Aim: There is insufficient evidence for the efficacy of a low-glycemic index (GI) diet in the management of diabetes. The goal of this study was to measure the effect of a low GI versus a standard diabetic diet in adults with diabetes type 2.
Methods: This was an open label, randomized, crossover study. Twenty persons with type 2 diabetes were randomized to two groups. Each group followed a standard diabetic diet or a low glycemic index diet for 3 months. The effectiveness of the two diets was evaluated using a hyperinsulinemic euglycemic clamp with endogenous glucose production measurement, indirect calorimetry and bioimpedance analysis. Outcome measures were body mass, BMI, body fat, glycosylated hemoglobin, fasting glucose, lipid profile, insulin sensitivity and hepatic glucose production.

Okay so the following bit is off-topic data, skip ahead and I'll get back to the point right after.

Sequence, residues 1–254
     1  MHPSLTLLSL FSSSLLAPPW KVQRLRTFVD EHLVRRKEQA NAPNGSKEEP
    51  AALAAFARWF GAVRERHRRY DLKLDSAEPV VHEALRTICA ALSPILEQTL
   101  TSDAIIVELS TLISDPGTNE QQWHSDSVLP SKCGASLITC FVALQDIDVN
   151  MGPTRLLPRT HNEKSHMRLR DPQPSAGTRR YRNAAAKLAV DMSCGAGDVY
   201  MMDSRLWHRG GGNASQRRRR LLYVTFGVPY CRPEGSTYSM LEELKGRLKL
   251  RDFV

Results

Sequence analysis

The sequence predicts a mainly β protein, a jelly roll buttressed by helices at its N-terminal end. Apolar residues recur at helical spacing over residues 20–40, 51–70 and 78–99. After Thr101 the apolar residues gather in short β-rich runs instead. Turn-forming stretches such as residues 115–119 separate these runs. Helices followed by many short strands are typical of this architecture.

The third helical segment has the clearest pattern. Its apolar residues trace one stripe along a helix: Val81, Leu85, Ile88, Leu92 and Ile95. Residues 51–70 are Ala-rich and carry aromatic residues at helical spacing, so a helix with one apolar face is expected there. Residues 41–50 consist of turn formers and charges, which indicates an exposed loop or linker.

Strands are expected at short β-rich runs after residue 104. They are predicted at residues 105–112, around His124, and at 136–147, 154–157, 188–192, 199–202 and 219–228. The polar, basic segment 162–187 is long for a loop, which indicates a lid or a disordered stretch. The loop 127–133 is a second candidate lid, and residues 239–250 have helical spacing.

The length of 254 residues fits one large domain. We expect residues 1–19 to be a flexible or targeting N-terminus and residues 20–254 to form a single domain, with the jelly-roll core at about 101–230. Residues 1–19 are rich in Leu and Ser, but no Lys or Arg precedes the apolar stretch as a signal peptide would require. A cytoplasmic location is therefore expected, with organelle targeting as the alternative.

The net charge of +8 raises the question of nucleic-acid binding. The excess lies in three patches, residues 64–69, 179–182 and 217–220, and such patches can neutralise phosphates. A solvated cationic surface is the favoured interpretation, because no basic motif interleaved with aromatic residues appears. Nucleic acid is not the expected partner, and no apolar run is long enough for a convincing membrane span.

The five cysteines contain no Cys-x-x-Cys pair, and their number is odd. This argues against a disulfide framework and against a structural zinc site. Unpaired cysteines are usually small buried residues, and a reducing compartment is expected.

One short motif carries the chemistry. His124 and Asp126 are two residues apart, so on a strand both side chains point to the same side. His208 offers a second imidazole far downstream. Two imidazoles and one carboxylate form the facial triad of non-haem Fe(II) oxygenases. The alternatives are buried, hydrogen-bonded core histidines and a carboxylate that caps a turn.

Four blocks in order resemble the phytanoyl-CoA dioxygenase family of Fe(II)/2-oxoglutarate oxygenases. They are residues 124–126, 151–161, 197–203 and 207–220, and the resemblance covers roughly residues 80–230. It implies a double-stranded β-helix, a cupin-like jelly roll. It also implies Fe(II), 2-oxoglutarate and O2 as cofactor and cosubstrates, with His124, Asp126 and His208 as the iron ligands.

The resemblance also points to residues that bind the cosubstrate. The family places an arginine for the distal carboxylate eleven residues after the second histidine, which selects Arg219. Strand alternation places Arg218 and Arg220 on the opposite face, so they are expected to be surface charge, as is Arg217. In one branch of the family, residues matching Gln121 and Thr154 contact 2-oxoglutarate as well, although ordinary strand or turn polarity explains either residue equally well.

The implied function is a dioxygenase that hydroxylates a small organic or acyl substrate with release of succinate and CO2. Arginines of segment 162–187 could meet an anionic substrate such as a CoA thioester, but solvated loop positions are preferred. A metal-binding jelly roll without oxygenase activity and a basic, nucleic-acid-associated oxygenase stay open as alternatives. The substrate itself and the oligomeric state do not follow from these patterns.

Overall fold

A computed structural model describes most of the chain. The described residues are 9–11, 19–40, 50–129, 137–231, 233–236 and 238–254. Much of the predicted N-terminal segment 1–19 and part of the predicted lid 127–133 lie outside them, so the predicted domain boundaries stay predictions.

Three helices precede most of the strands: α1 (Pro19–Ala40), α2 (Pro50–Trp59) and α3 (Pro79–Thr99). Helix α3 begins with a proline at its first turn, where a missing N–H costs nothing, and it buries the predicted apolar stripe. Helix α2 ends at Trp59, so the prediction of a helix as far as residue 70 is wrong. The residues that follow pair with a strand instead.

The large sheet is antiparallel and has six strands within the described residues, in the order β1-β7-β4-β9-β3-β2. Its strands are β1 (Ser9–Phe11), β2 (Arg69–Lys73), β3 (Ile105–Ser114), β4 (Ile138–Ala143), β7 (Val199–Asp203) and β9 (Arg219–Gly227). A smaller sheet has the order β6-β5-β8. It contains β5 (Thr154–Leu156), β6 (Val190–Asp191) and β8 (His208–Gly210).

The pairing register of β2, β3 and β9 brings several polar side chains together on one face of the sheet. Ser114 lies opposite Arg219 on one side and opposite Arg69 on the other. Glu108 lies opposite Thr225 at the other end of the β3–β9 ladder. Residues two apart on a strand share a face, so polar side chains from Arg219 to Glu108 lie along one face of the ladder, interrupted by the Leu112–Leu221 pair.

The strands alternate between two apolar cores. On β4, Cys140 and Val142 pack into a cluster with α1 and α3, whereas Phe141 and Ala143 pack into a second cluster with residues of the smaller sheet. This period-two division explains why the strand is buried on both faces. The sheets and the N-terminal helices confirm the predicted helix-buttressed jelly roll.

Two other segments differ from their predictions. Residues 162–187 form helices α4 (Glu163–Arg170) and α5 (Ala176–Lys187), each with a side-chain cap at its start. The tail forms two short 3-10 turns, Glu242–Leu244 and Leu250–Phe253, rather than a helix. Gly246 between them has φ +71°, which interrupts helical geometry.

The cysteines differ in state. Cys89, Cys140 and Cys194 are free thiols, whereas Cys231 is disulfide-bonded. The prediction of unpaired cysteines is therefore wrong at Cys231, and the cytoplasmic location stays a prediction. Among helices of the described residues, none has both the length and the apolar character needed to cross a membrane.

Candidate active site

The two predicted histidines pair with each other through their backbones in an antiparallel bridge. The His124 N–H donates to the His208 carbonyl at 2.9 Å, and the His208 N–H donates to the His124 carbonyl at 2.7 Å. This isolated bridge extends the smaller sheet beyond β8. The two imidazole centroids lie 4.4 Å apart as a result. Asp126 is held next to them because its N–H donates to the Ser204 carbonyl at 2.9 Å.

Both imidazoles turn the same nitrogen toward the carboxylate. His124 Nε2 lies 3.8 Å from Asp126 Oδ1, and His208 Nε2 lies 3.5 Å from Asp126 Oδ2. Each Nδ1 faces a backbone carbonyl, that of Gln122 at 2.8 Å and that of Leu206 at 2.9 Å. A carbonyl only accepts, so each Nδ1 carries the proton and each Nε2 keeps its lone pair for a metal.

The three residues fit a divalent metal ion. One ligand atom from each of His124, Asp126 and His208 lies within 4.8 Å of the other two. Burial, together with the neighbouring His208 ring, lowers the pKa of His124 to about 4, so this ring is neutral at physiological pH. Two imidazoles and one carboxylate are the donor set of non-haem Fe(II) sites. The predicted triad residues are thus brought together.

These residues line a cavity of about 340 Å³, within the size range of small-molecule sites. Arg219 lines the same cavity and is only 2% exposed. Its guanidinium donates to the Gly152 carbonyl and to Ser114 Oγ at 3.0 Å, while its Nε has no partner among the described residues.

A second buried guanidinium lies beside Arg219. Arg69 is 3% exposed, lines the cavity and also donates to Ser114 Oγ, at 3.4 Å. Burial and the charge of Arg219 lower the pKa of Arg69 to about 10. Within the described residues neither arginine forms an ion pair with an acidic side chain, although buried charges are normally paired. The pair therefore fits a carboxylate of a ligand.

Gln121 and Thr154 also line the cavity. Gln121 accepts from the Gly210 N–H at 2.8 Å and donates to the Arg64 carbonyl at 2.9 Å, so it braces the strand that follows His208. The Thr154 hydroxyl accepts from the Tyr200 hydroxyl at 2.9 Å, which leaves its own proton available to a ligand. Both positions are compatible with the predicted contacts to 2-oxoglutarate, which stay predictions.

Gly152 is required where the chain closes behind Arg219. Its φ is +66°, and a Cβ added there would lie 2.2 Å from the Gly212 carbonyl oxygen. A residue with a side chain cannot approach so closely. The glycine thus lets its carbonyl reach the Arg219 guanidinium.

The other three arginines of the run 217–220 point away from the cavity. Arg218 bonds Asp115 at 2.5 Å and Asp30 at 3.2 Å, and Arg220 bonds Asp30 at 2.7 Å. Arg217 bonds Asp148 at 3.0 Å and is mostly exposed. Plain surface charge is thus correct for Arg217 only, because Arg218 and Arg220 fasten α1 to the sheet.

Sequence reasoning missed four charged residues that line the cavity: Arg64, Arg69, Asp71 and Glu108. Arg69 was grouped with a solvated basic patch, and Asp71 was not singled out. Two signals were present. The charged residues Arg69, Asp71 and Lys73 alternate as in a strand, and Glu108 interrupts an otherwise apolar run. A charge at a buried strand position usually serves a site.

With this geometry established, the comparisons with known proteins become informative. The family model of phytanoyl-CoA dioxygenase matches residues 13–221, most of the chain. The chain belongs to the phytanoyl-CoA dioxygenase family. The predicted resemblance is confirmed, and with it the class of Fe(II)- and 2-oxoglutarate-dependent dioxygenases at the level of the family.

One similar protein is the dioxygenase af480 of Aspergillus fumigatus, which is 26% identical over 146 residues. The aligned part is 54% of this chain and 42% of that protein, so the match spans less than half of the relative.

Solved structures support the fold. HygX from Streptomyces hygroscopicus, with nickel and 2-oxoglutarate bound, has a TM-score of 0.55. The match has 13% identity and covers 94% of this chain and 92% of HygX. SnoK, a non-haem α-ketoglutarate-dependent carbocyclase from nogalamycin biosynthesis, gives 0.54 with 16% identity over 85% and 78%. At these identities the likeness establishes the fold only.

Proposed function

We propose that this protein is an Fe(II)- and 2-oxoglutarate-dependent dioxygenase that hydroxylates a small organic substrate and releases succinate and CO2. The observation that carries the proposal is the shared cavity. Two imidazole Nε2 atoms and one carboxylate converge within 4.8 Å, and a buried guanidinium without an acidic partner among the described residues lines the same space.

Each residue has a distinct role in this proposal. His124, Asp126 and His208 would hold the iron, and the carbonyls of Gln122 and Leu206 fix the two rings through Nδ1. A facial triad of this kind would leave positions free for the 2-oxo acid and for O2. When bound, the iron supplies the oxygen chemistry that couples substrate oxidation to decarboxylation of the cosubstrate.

Results: Body mass after 3 months following the diabetic diet was 93 kg (83-104) vs. low glycemic index diet 92 kg (85-104) P<0.05, BMI 31.3 kg/m(2) (27.5-35.9) vs. 30.7 kg/m(2) (27-35.3) P<0.05, body fat 28% (25.5-43) vs. 27% (23-43) P<0.05 (median and interquartile range). There was no statistically significant difference between diets for glycosylated hemoglobin, fasting glucose, lipid profile, insulin sensitivity or hepatic glucose production.
Conclusions: The results are comparable with other studies showing a modest effect of a low GI diet in the management of diabetes. We found a modestly greater weight loss, body fat and BMI reduction on the low GI diet.